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Home » NYC Law Requiring Salary Disclosure in Job Postings and its Potential Impact on the PERM Labor Certification Process
NYC Law Requiring Salary Disclosure in Job Postings and its Potential Impact on the PERM Labor Certification Process
BMK Group

On December 15, 2021, the New York City Council passed a bill that would require employers with four or more employees to disclose the starting salary range on all postings and advertisements for positions located in New York City. That bill became law, and it is anticipated to take effect on or around May 15, 2022.

This NYC local law makes it unlawful to advertise a job, transfer, or promotion opportunity without listing the lowest and highest salary offered for the role. The salary range must be based on what the employers believe in good faith would pay at the time the opportunity is posted. In enacting the law, New York has followed suit in an emerging trend in state transparency laws. States such as Nevada, California, Maryland, Connecticut, and Colorado have also adopted wage transparency laws.

The NYC law may impact employers seeking to sponsor foreign national employees through the PERM Labor Certification process. Under the PERM federal regulations, employers must advertise a job opportunity through various sources that include, but are not limited to, newspapers, employer websites, and job posting websites. Federal PERM regulations do not require salary disclosure in any job posting utilizing such sources. Instead, the federal regulations only require salary disclosure in the employer’s notice of filing efforts, which entails posting a physical notice at a proposed worksite and, in certain scenarios, duplicating the notice in the company’s internal media such as an employee intranet portal.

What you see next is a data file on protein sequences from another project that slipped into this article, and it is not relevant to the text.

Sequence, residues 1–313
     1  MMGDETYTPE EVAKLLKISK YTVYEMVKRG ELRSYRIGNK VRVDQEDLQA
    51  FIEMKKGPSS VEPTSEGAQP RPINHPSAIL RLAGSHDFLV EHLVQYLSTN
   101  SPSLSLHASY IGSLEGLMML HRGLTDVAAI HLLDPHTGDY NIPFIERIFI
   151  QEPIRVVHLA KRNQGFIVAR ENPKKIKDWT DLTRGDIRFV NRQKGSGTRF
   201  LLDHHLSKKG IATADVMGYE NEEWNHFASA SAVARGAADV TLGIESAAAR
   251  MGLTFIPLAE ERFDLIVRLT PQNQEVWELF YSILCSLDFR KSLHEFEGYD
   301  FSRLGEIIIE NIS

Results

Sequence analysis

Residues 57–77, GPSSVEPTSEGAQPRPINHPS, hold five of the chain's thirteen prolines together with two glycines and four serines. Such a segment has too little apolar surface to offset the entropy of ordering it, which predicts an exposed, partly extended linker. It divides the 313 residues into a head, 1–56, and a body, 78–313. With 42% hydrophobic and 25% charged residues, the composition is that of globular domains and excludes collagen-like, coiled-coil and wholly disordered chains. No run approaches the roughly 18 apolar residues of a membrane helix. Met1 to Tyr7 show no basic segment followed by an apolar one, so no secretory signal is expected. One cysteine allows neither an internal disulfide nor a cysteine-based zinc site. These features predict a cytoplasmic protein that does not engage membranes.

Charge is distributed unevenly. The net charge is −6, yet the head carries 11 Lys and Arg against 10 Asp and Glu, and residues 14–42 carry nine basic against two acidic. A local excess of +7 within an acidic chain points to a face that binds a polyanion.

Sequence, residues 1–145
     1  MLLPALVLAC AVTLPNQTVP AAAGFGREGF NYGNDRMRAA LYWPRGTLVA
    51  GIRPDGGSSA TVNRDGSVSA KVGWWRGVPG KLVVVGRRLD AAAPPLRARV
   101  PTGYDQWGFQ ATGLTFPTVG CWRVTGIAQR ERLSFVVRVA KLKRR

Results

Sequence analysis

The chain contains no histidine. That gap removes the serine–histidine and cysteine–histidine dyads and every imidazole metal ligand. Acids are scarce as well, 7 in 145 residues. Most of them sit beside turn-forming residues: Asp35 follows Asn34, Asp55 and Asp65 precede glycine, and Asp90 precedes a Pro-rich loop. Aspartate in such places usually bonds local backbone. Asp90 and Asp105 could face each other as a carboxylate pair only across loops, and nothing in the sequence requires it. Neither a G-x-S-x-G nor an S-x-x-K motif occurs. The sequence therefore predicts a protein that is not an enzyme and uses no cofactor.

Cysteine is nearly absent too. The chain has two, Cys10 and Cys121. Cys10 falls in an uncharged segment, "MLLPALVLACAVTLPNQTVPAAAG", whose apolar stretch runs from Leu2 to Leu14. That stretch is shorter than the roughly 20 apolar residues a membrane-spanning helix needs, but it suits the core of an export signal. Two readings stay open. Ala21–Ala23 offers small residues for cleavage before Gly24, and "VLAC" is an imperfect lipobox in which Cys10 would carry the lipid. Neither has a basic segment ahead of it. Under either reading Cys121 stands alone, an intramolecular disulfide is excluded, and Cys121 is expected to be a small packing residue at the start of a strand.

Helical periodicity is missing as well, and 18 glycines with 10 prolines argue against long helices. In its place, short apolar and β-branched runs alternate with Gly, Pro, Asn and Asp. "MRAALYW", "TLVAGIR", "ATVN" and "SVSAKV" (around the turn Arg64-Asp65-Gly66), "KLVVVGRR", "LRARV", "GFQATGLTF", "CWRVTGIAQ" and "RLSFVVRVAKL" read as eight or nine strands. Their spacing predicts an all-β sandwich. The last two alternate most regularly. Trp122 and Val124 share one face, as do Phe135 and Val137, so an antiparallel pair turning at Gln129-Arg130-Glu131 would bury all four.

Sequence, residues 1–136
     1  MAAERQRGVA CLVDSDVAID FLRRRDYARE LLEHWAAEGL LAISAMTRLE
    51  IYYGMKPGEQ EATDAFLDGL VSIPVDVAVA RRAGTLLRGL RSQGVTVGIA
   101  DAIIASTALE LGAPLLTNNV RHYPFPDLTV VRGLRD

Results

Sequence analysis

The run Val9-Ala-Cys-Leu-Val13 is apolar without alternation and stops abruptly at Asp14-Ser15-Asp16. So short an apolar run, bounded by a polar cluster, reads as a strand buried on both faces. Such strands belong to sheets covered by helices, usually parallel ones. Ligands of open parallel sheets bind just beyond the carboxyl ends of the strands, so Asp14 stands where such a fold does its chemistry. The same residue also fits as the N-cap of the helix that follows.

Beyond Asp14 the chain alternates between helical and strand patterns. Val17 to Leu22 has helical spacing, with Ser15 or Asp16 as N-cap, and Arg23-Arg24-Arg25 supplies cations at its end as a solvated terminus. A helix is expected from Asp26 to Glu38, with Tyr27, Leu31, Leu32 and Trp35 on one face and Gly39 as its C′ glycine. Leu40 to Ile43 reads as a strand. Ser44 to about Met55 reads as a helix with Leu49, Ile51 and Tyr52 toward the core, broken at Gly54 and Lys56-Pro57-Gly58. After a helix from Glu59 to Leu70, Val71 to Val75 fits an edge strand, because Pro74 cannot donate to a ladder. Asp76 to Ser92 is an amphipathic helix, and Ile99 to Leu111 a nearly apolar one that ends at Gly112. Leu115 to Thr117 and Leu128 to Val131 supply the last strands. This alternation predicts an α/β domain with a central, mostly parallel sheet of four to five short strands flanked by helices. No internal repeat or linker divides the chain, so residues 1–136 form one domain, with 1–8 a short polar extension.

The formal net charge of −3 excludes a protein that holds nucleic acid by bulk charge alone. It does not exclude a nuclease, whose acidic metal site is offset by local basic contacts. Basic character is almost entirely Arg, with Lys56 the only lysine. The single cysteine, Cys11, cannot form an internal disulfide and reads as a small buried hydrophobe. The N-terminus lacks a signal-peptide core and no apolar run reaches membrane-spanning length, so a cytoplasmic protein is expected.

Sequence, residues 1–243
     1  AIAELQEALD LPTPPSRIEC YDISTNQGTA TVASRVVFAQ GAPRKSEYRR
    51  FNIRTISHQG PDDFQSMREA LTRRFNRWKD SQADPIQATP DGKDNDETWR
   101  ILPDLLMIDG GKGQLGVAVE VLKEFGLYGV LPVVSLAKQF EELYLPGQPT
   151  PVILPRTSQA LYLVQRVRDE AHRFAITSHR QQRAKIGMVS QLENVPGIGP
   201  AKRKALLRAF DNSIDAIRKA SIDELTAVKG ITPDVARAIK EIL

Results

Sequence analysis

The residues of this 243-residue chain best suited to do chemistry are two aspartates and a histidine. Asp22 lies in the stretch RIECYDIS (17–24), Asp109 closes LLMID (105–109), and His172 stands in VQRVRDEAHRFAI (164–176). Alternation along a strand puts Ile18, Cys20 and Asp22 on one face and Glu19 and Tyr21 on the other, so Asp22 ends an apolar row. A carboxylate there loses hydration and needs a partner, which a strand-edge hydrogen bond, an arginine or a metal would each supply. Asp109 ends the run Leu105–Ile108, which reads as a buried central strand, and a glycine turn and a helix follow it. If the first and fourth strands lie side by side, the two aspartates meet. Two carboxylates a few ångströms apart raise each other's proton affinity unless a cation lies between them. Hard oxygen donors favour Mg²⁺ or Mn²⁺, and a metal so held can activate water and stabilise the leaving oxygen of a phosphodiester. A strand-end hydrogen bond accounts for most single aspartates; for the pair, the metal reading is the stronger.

Last year, a similar wage disclosure law was enacted in Colorado. There, the Colorado Department of Labor and Employment later acknowledged that the wage disclosure requirement would not be enforced for PERM advertisements because this law conflicted with federal labor certification regulations. It is not yet clear whether the New York City Council will adopt a similar exception for PERM-related advertisements involving job opportunities in NYC.  

Agency guidance is needed and expected to clarify the obligations of covered employers, Barst attorneys will continue to monitor further developments with this NYC law and its impact on employers navigating the PERM Labor Certification process. 

If you have questions regarding this law or otherwise have general inquiries, schedule a consultation by visiting https://barstlaw.com/contact-us/.

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